Should VPNs be banned because net baddies misuse them?

September 8 2021 (updated Sep 10): In its report submitted to  the Indian Upper House or Rajya Sabha on August 10, the Parliamentary Standing Committee on Home Affairs  is known to have  proposed  that Virtual Private Networks or VPN services should be banned in India because of the security threat they pose.
This recommendation,is being viewed with some astonishment by the tech community, since it seeks to  block users from what is generally perceived to be a  very useful tool for privacy – and more importantly in the current environment – a crucial enabler for secure WorkFromHome.
virtual private network (VPN) creates  a private network  across a public network like Internet   and  allows  users to send and receive data , tunnelling through the  public networks but  working as  if  they were on their own network. They achieve this by encrypting the data moving to and fro and hiding the users’  identity or in this case their Internet Protocol or IP address. 
This today, allows millions of Indian  tech professionals, call centre and customer care agents to work from the safety of their homes, while the data they send or receive –it could be  private  details about a customer, his or her complaint,  a financial transaction for  online purchase --  moves securely and privately on their own dedicated networks, even while they harness the public internet. Indeed the entire premise of employees working on company business on their on secure networks,  while located anywhere in the world is made possible only because of VPNs.
That is why  IT professionals  are surprised at the  suggestion mooted by  Standing Committee that the  Union Ministries of  Home  and of Electronics and Information Technology   join with Internet Service Providers , to block VPN services.
It is true the same VPN which helps corporates protect the integrity of their data networks also enable  Net baddies to  bypass cyber security and retain their anonymity online.  But banning the use of VPNs  -- if indeed that is the  suggestion made, seems like throwing the baby out with the bath water.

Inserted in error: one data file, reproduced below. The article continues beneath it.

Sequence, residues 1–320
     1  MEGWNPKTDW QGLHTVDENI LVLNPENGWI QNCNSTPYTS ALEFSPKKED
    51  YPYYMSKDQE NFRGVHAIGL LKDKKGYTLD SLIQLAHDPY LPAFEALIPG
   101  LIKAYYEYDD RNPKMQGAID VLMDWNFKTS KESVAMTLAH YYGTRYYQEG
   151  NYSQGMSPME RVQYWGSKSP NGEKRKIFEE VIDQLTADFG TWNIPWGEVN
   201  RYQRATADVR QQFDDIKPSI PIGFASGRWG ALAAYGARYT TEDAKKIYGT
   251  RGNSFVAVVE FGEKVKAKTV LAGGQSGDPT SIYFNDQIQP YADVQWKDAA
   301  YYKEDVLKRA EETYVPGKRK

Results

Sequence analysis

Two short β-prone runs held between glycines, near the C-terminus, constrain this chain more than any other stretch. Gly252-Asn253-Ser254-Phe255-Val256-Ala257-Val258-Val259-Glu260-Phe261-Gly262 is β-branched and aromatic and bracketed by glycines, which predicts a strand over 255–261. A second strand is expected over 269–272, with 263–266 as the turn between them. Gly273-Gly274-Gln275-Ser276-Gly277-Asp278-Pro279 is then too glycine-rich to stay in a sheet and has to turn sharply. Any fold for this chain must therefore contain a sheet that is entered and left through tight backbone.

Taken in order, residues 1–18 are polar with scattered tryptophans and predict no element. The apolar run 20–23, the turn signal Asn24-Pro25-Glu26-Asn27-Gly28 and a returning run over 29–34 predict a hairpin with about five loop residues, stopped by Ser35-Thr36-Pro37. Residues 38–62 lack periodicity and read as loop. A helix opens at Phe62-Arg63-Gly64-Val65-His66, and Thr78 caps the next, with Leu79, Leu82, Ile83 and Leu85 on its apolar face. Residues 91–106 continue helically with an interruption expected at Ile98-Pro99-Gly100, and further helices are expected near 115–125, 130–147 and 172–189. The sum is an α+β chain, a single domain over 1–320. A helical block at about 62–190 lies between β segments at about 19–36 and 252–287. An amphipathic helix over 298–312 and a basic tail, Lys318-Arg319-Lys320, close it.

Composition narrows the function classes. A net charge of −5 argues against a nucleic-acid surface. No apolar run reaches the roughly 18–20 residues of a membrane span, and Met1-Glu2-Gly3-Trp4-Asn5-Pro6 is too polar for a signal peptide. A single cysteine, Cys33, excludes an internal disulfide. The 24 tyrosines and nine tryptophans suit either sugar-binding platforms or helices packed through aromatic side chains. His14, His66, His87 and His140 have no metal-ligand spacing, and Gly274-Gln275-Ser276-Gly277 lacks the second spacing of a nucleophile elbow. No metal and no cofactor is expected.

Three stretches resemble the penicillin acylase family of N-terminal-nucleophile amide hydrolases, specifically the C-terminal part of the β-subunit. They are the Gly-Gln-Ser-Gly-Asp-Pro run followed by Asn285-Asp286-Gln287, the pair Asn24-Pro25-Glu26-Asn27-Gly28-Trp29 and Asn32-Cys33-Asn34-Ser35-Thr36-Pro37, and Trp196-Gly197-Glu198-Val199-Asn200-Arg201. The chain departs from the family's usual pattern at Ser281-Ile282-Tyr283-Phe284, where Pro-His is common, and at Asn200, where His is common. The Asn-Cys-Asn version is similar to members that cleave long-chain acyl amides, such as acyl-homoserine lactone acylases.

Realism suggests  that unless the government intends  to control the Internet as a whole in a manner, and to a degree ,not hitherto practised in India, it would not be feasible or prudent to  outlaw VPNS as a class.
Beyond corporate networks, many lay users of Internet accounts,  install VPNs to protect their identity from scammers and cyber criminals. Most  Internet Security  packages that consumers subscribe to, now include a free option to activate a VPN.
Among the first to comment on the purported moves against VPNs in India, the Economic Times in a editorial this morning says:
"The government should turn down the recommendation of Parliament’s Standing Committee on Home Affairs to ban virtual private networks (VPNs) in the country.  The committee felt that VPNs permit cybercriminals to skulk behind the anonymity these provide and launch attacks on their targets. On balance, VPNs enable, rather than hinder security… . Business security as well as individual liberty both favour VPNs…To ban VPNs would be to shoot ourselves in parts more sensitive than the foot."
Related resources:
Parliamentary Committee reportedly wants to ban VPN services: Why it should worry India Inc - The Financial Express
Virtual private network - Wikipedia
What Is a VPN? - Virtual Private Network - Cisco
Shed security state obsession - The Economic Times (
Don’t ban VPNs: The pros definitely outweigh the cons - The Financial Express